The first of several thousand lawsuits alleging that Syngenta cost U.S. farmers billions of dollars by releasing a variety of genetically engineered corn seed without Chinese import approval has officially gone to court.
Grain farmer Daniel Mensik, who runs a 300-acre farm near the Iowa border, says that Syngenta’s decision to release its Viptera corn seed before securing regulatory approval in China cost him about $125,000 in sales.
Mensik’s case went to trial on Monday in Minnesota.
Syngenta has denied responsibility for causing any losses.
In 2013, China stopped importing all U.S. corn because some shipments tested positive for Syngenta’s Agrisure Viptera corn, which is genetically modified to better control crop-destroying insects such as armyworm and cutworm. At the time, China had not approved the corn seed for import.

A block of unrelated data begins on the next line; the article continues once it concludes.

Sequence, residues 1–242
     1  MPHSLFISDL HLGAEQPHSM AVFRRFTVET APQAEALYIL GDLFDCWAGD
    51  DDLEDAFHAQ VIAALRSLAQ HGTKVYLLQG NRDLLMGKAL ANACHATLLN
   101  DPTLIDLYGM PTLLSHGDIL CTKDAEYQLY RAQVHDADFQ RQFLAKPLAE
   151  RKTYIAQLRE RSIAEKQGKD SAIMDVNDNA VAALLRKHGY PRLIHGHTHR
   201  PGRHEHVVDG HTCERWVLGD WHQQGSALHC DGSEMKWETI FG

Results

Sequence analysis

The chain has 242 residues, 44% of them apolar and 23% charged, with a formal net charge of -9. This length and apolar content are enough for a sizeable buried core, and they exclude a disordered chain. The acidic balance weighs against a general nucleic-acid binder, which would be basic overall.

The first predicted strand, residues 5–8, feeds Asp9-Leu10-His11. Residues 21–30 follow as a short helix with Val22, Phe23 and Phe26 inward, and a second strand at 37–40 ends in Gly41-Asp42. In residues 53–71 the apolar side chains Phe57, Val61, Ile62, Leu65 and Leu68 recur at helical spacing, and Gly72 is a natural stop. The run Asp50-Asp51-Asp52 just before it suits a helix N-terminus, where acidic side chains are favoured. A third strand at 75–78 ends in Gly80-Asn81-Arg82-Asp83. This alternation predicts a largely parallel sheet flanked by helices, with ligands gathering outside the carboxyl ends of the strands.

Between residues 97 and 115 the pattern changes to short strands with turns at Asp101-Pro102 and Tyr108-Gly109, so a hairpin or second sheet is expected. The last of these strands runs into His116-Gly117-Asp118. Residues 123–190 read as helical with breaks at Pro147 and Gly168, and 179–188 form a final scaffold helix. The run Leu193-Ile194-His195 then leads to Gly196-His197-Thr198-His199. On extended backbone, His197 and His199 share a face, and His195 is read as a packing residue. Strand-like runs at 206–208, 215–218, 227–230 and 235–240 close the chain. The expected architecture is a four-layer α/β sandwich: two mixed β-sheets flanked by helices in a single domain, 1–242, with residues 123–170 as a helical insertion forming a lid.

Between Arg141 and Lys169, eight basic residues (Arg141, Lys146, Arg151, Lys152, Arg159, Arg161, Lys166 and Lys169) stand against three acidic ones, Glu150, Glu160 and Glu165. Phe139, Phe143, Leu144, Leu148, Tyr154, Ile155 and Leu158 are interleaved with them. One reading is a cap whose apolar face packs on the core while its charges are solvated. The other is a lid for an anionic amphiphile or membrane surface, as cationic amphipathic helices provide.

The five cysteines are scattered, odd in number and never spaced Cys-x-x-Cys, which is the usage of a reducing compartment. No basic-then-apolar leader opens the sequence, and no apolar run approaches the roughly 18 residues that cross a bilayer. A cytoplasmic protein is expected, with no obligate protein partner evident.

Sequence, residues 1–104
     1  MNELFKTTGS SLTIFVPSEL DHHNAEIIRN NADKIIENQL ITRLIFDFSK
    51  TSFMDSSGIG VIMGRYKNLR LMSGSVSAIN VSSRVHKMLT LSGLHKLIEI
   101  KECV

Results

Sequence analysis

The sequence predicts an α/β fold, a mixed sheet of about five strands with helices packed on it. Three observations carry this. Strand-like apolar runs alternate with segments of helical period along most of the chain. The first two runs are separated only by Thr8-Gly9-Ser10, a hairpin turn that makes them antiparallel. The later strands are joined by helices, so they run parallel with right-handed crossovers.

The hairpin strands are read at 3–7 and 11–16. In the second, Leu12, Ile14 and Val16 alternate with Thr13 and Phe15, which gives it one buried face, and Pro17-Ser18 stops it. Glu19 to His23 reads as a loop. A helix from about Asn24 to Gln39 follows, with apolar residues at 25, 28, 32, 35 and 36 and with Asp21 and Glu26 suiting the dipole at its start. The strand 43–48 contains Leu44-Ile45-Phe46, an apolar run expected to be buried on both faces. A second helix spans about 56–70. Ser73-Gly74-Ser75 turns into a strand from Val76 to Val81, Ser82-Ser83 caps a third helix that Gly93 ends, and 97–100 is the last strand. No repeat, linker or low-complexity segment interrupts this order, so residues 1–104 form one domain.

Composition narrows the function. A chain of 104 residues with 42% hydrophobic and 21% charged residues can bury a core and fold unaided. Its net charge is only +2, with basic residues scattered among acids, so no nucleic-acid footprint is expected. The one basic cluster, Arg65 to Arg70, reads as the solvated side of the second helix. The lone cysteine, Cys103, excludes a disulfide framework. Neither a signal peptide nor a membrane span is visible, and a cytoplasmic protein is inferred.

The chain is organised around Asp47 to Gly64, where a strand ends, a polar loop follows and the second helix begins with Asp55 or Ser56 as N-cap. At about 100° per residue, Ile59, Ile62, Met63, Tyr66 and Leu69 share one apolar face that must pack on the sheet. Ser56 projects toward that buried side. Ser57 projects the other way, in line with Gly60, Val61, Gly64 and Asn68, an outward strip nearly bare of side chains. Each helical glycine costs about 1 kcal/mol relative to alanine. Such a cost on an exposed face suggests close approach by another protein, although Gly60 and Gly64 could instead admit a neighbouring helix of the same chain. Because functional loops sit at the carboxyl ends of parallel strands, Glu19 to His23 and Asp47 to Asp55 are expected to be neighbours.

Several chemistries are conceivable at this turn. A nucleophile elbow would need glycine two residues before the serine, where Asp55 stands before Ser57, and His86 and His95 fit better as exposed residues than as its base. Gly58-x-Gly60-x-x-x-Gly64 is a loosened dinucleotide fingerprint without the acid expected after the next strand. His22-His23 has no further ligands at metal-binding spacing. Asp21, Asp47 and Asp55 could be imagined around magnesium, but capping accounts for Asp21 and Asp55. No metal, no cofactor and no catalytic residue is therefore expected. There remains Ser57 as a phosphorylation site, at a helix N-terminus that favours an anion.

The trade disruption cost the U.S. corn industry up $3 billion, according to the National Grain and Feed Association.
Mensik’s case — along with a second case that begins on June 5 in Kansas — will be used as a test case to help resolve tens of thousands of similar lawsuits filed by Corn Belt farmers.
Syngenta is being acquired by ChemChina in a $43 billion deal that is the largest ever foreign takeover by a Chinese firm.
The deal between state-owned China National Chemical Corporation and the Swiss pesticides and seeds company Syngenta is likely to close in May, according to reports.